The next concern, and a big one, was the low water line (LWL). If you remember from my last post, this is the cable that sits downstream and underwater. A tree with a big root ball and a bunch of branches could snag in the LWL really bad. The tension on the line from the tree could snap the LWL, or the tree could get hung up, which means we wouldn't be able to operate until we got a chainsaw down to the boat to cut the tree up. Amazingly, none of that happened. The tree hung onto the LWL for awhile, then slowly the whole thing rotated and rolled under the line, root ball, branches and all. It was pretty amazing.

The passengers in the two cars were super surprised and a bit stunned. Once I was sure the tree was totally out of the way, we continued on our merry way completely unharmed.

The tree stuck on a gravel bar at the start of some very small rapids, only about 30 yards downstream of the ferry.

I doubt it'll stay there long, water levels are projected to rise sharply next week, which should free the tree and send it downstream, so it can wreck havoc on someone else. I feel like I really escaped a potentially awful situation. Worst case, to me, would have been if the tree had become stuck. I would have had to take the boat back to the west landing, back the cars off, give them back their money, and call in that the boat was stuck. Ugh. I really don't want something like that to happen on my shift!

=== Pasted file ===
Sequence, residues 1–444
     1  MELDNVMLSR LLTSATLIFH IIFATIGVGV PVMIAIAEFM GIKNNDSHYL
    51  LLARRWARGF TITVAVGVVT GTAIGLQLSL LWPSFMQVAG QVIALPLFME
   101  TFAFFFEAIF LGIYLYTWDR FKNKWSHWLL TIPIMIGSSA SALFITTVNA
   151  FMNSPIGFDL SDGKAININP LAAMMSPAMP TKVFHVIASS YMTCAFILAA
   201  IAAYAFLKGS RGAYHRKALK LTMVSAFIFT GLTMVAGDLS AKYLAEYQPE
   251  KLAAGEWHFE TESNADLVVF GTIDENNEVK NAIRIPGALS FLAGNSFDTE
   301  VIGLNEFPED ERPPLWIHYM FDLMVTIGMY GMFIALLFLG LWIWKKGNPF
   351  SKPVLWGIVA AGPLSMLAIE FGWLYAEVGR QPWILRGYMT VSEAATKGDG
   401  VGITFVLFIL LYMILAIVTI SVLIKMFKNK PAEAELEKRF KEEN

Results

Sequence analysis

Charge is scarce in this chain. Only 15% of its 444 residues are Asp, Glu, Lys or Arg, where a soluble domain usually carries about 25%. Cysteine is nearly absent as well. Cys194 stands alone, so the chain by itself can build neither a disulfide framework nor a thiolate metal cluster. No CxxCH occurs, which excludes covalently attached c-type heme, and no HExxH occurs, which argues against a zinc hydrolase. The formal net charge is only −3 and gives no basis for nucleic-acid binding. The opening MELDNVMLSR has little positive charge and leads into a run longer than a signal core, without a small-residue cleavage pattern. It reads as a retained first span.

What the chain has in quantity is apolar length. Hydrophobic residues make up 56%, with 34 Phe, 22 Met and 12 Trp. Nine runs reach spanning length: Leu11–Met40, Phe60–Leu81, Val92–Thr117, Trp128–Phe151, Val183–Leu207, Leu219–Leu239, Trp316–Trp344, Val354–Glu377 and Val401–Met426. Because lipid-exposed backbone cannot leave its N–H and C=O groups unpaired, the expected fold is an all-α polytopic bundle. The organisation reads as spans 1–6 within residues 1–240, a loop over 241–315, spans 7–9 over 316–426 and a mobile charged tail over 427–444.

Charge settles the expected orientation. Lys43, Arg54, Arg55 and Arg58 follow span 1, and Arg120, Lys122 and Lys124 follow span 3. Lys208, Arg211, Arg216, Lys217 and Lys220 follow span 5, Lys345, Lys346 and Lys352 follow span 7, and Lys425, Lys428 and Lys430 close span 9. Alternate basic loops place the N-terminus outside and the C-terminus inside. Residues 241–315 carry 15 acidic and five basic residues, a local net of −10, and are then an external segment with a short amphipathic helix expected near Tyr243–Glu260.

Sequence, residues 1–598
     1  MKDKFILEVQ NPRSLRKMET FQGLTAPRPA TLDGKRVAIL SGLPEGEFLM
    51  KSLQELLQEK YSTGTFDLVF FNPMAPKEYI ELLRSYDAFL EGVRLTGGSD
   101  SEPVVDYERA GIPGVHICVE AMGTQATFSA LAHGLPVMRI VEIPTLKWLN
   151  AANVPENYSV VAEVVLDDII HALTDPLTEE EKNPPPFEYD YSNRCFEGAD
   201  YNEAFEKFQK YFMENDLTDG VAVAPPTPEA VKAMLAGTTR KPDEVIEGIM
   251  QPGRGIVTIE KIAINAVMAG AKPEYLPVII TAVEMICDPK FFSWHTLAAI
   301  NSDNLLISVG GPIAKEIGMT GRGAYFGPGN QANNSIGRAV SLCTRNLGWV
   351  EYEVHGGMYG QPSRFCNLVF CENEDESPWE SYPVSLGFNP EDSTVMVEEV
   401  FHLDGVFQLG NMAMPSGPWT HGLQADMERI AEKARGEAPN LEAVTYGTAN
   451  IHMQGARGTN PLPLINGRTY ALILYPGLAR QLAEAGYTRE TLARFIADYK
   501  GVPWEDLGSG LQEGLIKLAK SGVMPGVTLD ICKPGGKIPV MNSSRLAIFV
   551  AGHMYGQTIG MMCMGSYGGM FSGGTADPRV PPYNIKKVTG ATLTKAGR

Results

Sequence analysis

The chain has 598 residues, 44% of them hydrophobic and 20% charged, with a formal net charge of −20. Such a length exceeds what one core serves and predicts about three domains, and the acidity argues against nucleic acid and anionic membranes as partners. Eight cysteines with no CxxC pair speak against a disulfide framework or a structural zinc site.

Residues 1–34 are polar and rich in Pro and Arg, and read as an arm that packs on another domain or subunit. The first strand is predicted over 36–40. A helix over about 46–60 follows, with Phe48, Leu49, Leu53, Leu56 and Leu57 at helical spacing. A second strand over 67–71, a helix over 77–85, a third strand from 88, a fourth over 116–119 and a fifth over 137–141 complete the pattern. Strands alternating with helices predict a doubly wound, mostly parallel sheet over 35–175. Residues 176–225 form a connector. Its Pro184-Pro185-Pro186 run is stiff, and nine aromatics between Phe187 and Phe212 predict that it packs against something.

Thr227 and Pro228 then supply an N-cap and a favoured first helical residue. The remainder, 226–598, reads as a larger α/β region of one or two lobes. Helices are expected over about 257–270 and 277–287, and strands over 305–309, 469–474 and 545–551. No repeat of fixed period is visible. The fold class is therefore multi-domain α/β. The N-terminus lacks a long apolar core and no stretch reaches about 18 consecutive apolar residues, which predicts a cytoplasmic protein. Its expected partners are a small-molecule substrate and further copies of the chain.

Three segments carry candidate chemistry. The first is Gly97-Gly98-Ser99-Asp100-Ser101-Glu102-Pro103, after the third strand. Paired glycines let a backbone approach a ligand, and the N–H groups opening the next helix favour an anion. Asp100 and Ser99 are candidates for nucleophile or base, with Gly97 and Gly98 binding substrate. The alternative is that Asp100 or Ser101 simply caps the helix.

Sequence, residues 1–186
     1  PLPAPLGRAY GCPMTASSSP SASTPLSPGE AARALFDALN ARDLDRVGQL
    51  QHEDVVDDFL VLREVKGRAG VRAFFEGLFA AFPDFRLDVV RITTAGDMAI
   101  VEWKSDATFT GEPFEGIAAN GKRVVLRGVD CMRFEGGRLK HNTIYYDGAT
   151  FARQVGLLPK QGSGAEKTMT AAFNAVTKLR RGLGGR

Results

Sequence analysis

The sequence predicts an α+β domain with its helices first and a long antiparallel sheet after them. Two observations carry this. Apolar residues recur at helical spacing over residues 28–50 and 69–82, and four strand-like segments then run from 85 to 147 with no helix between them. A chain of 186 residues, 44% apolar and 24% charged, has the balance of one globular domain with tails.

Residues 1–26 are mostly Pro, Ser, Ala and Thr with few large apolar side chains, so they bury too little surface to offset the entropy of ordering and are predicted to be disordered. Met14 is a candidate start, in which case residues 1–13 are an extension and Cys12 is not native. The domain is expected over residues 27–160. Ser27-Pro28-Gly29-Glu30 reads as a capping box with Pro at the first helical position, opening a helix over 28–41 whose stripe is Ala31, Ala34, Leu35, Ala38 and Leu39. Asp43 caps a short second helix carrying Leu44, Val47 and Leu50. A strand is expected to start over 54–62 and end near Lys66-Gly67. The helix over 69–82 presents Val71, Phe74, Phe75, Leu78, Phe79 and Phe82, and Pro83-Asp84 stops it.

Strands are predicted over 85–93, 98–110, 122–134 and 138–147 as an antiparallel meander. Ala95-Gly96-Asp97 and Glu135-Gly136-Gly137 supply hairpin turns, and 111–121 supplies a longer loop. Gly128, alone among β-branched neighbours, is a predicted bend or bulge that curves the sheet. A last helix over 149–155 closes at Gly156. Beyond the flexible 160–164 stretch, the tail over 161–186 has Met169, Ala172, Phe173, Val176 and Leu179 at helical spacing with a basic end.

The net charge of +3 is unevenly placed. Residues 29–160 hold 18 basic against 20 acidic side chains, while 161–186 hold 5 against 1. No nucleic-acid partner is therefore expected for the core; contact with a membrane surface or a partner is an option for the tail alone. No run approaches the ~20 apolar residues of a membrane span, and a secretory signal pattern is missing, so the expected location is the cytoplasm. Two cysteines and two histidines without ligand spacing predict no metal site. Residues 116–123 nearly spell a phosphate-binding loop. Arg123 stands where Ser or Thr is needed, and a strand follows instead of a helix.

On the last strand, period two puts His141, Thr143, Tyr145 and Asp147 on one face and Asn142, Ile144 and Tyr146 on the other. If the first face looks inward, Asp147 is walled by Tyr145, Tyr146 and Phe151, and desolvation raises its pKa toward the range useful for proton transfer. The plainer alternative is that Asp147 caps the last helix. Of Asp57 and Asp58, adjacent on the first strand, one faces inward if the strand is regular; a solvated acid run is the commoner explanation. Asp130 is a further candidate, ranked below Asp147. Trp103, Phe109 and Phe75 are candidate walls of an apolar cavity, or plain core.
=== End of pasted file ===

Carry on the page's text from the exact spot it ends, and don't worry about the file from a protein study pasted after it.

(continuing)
Sunday, September 18, 2011

It's Not My Fault!

Something broke. Something that sort of surprised me that it could break. My boss felt the same way when I called him.

This is what the low water line (LWL) roller should look like.

So a plate on top, a plate on bottom (that you can't really see because of the water weeds), two rollers inside, and the LWL moves through it. Basically, as the boat goes across the river, the LWL, which sits underwater, is picked up and moved through these rollers. There's a secondary set, so these are on outer edges of the boat.

This is what the other one looked like this afternoon:

Do you see that? We're talking quarter inch steel plate here. The LWL broke through it. That's craziness!

I discovered this when I landed on the east side, and had one of the worst landings I've ever done. Slid super far over, landed really hard, had very little control, skidded over a bunch of rocks. When the people in the two cars looked over, a bit scared (I hit super hard, the whole boat rattled), I just smiled, like, "oh yeah, every landing is like this!"

So now the boat drives all wonky. The landings on the east side are crap now, I slide way far up the ramp, hull out (slam into the ramp with the hull), it's just a mess. I've figured out how to land for the most part, but it's messy and complicated.